Please share this far and wide!
That’s a bummer. I hope they work something out.
I’m not much of a history buff (by which I mean I don’t necessarily have the knowledge or background to fully appreciate, for example, why a given location or building is particularly historical), but I do appreciate the preservationist aspect of these sorts of efforts. Old things are just interesting, sometimes, and I think the physicality of a building (or artifact) imparts a certain visceral authenticity to the experience of learning about the associated topic.
I didn’t notice what it is now, but I think the building might be interesting as a local museum of some sort. Although I can see how programming for tours and exhibits might be a bit of a challenge.
The story is also bound up in the city’s legacy of prejudice. Carson got an early taste of celebrity from a song he wrote about the 1913 killing of a pencil-factory worker named Mary Phagan. Today, it’s known as the case that led to the lynching of Phagan’s boss, Leo Frank, a Northern Jewish transplant.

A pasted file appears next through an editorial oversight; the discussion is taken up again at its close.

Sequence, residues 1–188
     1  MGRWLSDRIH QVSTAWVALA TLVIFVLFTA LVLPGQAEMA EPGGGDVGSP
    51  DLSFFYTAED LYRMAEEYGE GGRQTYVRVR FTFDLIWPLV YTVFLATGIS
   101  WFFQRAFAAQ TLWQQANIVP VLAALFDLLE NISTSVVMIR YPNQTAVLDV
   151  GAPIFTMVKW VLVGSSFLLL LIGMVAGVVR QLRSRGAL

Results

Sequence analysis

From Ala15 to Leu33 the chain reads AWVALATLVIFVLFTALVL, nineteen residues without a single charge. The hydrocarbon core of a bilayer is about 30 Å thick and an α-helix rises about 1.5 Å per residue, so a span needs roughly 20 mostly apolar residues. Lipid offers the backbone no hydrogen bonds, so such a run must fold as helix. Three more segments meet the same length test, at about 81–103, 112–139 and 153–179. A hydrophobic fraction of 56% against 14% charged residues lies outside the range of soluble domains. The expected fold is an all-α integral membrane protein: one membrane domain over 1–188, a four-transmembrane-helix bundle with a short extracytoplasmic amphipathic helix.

The Frank case led to the creation of the Anti-Defamation League—and the rebirth of the Ku Klux Klan. Carson played at Klan rallies and performed at political rallies for segregationist politicians, Kessler says. But he was also involved in labor issues and played a 1933 benefit for a jailed black Communist union organizer that’s now seen as Atlanta’s first integrated concert.
“It’s a very complex story,” Kessler says. “This guy can be singing songs taken by anti-Semites to lynch Leo Frank, singing about African-American folk hero John Henry, he’s attending rallies fund-raising for the Klan, he’s also on Auburn Avenue at the first desegregated musical performance in the city’s history.”
On the plus side, I learned a new word: pluperfect.